U.S. Joint Fire Science Program


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Document Type



Final report Joint Fire Science Program AFP 2004-2, Task 1. Project ID Number: 04-2-1-94


US government work.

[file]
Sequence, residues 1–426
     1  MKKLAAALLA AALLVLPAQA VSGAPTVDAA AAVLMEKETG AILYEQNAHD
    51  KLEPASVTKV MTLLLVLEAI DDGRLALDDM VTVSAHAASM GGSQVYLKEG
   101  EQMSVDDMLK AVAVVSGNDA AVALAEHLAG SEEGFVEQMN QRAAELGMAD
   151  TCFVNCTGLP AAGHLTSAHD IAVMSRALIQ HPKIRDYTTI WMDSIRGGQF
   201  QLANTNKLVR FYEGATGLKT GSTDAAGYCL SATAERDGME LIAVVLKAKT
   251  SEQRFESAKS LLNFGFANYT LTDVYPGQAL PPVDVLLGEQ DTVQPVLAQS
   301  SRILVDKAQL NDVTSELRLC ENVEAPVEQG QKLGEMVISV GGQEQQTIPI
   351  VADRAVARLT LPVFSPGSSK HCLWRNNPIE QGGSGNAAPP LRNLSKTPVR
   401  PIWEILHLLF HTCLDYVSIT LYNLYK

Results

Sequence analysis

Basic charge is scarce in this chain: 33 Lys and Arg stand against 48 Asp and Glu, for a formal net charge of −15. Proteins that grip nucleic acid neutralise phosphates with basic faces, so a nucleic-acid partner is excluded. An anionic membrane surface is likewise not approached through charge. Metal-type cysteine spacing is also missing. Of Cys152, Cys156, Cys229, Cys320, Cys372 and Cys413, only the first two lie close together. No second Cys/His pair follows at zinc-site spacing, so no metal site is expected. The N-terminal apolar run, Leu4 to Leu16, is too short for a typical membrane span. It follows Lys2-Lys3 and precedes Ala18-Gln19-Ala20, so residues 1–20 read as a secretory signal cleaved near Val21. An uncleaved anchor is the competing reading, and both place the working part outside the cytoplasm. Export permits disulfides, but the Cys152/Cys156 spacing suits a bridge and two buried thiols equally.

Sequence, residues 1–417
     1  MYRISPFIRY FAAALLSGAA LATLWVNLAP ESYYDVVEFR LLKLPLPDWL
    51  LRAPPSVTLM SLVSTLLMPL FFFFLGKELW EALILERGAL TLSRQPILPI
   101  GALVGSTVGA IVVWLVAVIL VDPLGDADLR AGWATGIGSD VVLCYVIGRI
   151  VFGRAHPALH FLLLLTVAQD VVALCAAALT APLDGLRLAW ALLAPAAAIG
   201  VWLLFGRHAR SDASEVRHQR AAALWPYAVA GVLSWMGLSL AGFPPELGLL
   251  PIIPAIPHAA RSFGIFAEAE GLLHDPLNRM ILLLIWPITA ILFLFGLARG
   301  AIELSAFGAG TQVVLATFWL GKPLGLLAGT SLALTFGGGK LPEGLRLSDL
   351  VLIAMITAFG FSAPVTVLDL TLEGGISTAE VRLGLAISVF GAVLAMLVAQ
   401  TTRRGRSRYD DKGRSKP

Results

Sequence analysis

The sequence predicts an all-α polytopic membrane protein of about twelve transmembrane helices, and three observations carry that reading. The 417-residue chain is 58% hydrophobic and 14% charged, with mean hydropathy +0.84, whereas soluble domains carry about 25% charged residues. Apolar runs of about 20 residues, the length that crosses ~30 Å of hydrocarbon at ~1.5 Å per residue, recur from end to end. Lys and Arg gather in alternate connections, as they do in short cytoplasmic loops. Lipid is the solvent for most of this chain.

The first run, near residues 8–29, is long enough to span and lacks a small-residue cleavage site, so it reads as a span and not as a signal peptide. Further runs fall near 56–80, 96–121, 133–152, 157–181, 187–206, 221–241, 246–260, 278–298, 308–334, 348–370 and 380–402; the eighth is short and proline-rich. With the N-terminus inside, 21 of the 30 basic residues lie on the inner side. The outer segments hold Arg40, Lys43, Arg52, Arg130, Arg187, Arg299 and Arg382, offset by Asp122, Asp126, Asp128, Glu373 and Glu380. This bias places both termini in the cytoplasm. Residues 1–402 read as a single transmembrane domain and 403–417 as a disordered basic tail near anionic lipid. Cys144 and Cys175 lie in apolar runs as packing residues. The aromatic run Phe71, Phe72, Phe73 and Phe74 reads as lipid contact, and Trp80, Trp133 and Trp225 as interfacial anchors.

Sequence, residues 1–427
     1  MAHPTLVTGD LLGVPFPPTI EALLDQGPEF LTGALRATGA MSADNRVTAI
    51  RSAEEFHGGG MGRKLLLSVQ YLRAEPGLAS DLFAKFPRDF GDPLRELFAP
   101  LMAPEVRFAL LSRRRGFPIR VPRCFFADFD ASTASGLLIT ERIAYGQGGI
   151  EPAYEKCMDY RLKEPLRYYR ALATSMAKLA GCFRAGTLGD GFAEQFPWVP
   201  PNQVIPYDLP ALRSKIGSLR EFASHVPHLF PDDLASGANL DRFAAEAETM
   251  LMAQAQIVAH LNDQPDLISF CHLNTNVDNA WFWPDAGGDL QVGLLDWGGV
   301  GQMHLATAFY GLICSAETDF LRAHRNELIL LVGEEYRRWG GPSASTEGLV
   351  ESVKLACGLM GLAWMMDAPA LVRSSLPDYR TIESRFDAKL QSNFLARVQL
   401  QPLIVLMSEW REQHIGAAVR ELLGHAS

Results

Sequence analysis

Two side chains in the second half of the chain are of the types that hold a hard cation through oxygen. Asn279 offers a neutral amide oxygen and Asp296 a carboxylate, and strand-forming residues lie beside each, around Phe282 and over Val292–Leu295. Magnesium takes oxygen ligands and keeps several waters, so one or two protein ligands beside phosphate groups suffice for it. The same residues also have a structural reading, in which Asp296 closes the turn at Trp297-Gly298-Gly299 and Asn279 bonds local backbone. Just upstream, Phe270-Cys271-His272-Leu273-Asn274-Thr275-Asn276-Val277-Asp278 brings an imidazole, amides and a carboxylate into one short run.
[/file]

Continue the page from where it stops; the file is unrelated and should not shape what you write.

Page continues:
This final report summarizes key findings relative to the five major objectives listed in our proposal, along with the crosswalk of accomplished and future deliverables. Additional details concerning objectives, methods, results, and recommendations are presented in Attachment A. Each of our major objectives is listed below with a brief summary of findings to date. Because we only recently finished the final session of data collection, all findings are preliminary and may change as more comprehensive statistical analyses are completed. 1. Evaluate the effects of fire on southern California rodent, large mammal, and bat diversity and study patterns of post fire recovery. Overview: Fire immediately alters the composition of the mammal community in chaparral and coastal sage scrub vegetation, although species responses to fire, including changes over time following fire, are highly species-specific. In chaparral, overall rodent richness is similar between burned and unburned areas, but the composition of the community is very different between these conditions. Furthermore, even after 4 years, the post-burn communities differ from their pre-fire status and from unburned communities. Fire in coastal sage scrub reduced rodent diversity to a simpler community, similar to that that of disturbed habitats dominated by annual grasses and forbs. Carnivore species appear not to be strongly affected by fire. We also detected little effect of burn status on the bat community, although at least two species appear to forage more frequently over unburned chaparral. Rodents: We examined rodent responses to fire in both chaparral (Cedar Fire; Cleveland National Forest) and coastal sage scrub (Otay Fire; Rancho Jamul Ecological Reserve) vegetation beginning about 13 months following fire and continuing until 43 months post fire. In both communities we noted substantial differences in mammal community composition between burned and unburned habitat, and in patterns of post-fire responses over time. Some species were clearly more widespread and abundant in burned than unburned chaparral, others showed the opposite pattern, and still others showed more complex associations with fire over time (Figure 1). For example, the Dulzura kangaroo rat (Dipodomys simulans; DISI) was far more common on burned than unburned plots over the nearly 4-year study duration, while the California mouse (Peromyscus californicus; PECA) was far more common on unburned plots, and the cactus mouse (Peromyscus eremicus; PEER) was equally common on burned and unburned plots. In unburned chaparral, PECA dominated the rodent community across the entire study period, with several other species varying in their relative abundance over time. For example, the California pocket mouse (Chaetodiopus californicus; CHCA) was not abundant on unburned plots during the first spring sampling session, but increased to become the second most abundant species during the last two spring samples (the third and fourth springs following fire). Conversely, the brush mouse (Peromyscus boylii; PEBO) was fairly common on unburned plots early in the study, but gradually declined to become a minor component of the community in latter sessions. Burned plots were dominated by deer mice (Peromyscus maniculatus; PEMA) during the first post-fire spring sample, with DISI second most abundant. Over time, PEMA declined in abundance on burned plots, while DISI increased to become the dominant species. The bigeared woodrat (Neotoma macrotis; NEMA) was very rare on burned plots although common on unburned plots. In contrast, the desert woodrat (N. lepida; NELE) was about equally common on burned and unburned plots. Despite gradual recovery of some chaparral species on burned plots over time, compositional differences between burned and unburned plots were still pronounced 4 years following fire, and the communities are still changing. Sampling would need to continue for more years to determine when communities return to pre-fire status.